Rail Infrastructure Relies on Outdated Communications Infrastructure
Over 200 years ago, Richard Trevithick developed the first high-pressured steam locomotive and used it to haul a train along the Penydarren tramway. Just 15 years later Stephensons’s Rocket won the Rainhill Trials and became the template for most rail transportation for the next 150 years. Anyone still around from those days would probably find today’s rail infrastructure very familiar, with locomotives still hauling trains over standard gauge metal rails.
Last week, South Africa’s Energy Utility and the EUTC (European Utility Telecoms Council) organized a conference for utilities in Africa. EUTC Africa was held at the Eskom University, the training campus of the utility Eskom. The campus is close to Midrand, about halfway between Johannesburg and Pretoria. About 180 experts, mainly from Eskom, gathered for two days to discuss the challenges around smart grids and smart meters.
This past week, I had a great meeting with Powercom, a company offering Smart Grid and smart metering implementation. Powercom is one of ECI’s partners for smart grid, as we complement each other when we offer smart solutions for operators and utilities around the world. I met with Powercom in ecity, our unique demo facility, addressing the residential and business end-user experience. In ecity, ECI showcases all our platforms and solutions, and demonstrates how they translate into real services and applications to the end user. To this end, we are implementing the whole concept of smart homes and businesses, and Powercom is one of the companies supporting this effort. But what made the meeting “great” is what I learned:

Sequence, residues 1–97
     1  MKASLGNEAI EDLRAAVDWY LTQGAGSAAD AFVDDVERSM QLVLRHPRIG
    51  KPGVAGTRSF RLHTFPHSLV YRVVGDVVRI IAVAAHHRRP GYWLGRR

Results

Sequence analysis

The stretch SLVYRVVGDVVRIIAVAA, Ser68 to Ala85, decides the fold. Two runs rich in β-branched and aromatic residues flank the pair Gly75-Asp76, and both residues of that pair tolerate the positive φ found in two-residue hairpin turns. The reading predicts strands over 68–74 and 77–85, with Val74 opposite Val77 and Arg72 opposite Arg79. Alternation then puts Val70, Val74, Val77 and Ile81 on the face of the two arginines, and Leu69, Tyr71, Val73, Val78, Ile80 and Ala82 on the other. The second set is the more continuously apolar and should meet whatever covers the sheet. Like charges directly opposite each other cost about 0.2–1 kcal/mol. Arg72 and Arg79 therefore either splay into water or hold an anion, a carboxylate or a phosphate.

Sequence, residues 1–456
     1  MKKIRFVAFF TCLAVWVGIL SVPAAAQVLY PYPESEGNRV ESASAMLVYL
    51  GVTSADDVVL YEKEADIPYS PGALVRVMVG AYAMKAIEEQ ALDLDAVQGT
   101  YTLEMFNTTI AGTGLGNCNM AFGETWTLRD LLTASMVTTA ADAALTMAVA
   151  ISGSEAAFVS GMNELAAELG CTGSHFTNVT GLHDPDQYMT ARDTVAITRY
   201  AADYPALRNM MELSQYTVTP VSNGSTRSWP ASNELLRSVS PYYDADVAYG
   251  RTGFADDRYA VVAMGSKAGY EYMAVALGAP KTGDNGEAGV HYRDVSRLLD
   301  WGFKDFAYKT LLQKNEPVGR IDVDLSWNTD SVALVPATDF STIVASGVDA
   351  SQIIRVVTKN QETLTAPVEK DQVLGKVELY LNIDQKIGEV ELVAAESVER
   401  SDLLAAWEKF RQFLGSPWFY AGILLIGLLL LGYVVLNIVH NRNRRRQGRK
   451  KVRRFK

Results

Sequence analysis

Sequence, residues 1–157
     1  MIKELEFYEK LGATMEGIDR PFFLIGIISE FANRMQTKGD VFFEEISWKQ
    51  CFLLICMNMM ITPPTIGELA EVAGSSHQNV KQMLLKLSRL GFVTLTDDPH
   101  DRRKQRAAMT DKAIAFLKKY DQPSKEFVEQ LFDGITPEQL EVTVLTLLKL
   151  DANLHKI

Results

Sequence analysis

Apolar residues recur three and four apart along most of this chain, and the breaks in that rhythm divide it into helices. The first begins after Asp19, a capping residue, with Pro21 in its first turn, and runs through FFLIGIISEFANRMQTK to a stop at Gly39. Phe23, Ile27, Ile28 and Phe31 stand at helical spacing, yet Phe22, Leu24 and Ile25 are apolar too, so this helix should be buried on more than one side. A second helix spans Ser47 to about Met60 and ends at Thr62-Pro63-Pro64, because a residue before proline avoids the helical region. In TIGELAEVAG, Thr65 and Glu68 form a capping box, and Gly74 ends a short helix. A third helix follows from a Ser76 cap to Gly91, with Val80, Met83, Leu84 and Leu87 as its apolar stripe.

As winter descended on the lovely Madrid, members of the EUTC (European Utilities Telecom Council) assembled once again for the group’s annual conference. The key topic was the smart grid – its definition, services and challenges. Although it's been the key topic for several years, it was interesting to see the shift to a more mature stage and, as a result, the deeper questions and dilemmas that come along with that progress.
I think it’s safe to say that most of us can’t imagine an existence without electricity. And that’s precisely why power utilities play such a key role in the smooth running of our everyday lives.
We are just back from the European Utility Telecom Conference in London. The only event of its kind dedicated to gas, water and electric utilities from all over the world, the conference drew senior telecoms and technology executives from the utilities, pipeline companies and other critical infrastructure providers responsible for managing telecoms networks.